The Underground Sounds Of America: Orthodox
Of the bands we featured in last year’s round-up of underground metalcore bands redefining the scene, Orthodox have shown some of the most interesting sonic development. It’s not that the Nashville quartet has strayed far from their signature sound, which remains a brand of vicious, brooding metal-infused hardcore whose crushing riffs and towering breakdowns take ample influence from nu-metal’s more shadowy corners. But it’s the inclusion of eerie, creepy moments on their recent singles that has helped them open up their sound to more nuanced horizons.
For vocalist Adam Easterling, 2019 has been a learning experience. Rather than chase a rock star dream, he’s noticed that it’s often those moments that take place furthest underground that have shaped Orthodox the most.
“Over the years we played many a show with very few people attending, and have been fortunate enough in the last couple years to have started consistently playing bigger shows,” says Adam. “However, that isn’t always what makes a good set. We’ve played to hundreds of people crammed in a small room and gotten an even smaller reaction, and also played to 30 people in a massive room and had a blast. Basically what I’ve learned through this is don’t rely on the crowd to give you the energy you need. Take it out of the air and play the best set you can every night and you’ll reach somebody with it.”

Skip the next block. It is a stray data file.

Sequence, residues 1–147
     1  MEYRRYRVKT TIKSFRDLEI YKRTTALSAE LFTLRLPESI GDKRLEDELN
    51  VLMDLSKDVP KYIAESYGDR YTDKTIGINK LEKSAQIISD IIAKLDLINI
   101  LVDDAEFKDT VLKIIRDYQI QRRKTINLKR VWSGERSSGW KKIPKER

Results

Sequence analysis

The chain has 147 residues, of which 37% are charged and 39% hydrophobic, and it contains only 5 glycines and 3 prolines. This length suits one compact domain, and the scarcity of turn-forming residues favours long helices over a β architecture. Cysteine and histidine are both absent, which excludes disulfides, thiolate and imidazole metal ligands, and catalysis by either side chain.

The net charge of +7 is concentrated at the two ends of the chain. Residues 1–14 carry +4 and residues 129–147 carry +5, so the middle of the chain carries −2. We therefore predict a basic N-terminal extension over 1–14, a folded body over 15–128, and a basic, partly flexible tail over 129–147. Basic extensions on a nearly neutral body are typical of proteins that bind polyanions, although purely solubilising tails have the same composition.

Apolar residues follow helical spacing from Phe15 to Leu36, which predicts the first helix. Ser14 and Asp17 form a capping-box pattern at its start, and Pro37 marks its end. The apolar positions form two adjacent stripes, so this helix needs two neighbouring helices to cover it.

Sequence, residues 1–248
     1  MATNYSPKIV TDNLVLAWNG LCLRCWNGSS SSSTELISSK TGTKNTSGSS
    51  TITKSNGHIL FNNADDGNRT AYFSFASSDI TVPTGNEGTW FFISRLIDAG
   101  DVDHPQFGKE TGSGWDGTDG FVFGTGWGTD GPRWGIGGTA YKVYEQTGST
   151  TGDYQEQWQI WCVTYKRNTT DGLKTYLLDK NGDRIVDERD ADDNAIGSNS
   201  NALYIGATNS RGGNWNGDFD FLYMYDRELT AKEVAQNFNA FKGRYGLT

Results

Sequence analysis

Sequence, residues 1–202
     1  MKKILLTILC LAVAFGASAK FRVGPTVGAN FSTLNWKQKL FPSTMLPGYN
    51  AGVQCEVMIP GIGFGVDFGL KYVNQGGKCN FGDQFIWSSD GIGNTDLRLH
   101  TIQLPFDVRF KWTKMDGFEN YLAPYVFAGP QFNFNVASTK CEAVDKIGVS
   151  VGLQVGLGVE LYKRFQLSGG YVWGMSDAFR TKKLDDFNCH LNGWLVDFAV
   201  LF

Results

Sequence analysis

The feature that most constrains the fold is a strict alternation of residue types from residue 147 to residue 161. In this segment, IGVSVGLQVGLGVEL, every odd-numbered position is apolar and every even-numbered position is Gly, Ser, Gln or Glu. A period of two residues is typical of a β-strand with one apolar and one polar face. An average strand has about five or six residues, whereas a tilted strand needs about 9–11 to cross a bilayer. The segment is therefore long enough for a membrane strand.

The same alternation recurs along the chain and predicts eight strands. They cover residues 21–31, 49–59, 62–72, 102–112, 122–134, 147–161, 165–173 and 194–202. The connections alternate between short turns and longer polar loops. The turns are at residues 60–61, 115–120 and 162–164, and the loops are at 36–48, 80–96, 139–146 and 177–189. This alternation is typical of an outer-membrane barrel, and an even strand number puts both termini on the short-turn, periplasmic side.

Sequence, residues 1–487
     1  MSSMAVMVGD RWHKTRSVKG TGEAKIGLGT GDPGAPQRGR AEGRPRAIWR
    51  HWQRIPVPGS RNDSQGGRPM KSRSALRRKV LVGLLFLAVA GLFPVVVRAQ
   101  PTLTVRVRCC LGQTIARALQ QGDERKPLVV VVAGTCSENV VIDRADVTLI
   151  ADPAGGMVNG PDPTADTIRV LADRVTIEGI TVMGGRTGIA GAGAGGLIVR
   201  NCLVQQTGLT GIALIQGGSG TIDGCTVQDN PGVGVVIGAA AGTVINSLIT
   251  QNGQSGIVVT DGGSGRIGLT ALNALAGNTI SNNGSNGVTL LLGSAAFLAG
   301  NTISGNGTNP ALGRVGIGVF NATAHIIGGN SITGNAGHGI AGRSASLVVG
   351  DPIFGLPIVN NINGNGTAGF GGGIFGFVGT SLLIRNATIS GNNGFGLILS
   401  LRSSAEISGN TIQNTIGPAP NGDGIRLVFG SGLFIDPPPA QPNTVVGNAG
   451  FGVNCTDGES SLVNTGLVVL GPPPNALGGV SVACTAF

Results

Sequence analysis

This appreciation for the more entrenched moments is immediately present on the band’s upcoming album Let It Take Its Course. Though the record shows Orthodox opening themselves up as a band and sharing more vulnerable moments with their listeners, it is none the less merciless in its delivery. One moment, the band might give listeners a track with an approachable chorus that echoes something like Slipknot; the next, Adam is full-on death-growling over a breakneck thrash part. The record may see the band reach new heights of fame, but it remains made for fans of extreme music — an instinct that Adam says comes in part from the musical legacy of Orthodox’s hometown.
“Nashville is stuffed full of the best musicians in the world, so the bar is set pretty high,” says the vocalist. “Everybody in this city is one degree of separation away from either a famous performer/artist, or someone who works/plays with them. So probably the biggest influence the city has is the personal expectations one can gather for themselves based on what they’re constantly perceiving with the artists around them.”
Welcoming the hurt in all its forms, we spoke to Adam about being in a band on the brink of blowing way the fuck up.
1) If you had to play a newcomer one Orthodox song to introduce them to the band, what would it be and why?
I know it’s not just one but I think I’d have to play them The Anticipation into the following song Panic off our first LP because I feel like that’s the pairing that brought eyes on us for the first time. It was just exciting and weird enough that it made people curious, even if they didn’t really like it all that much.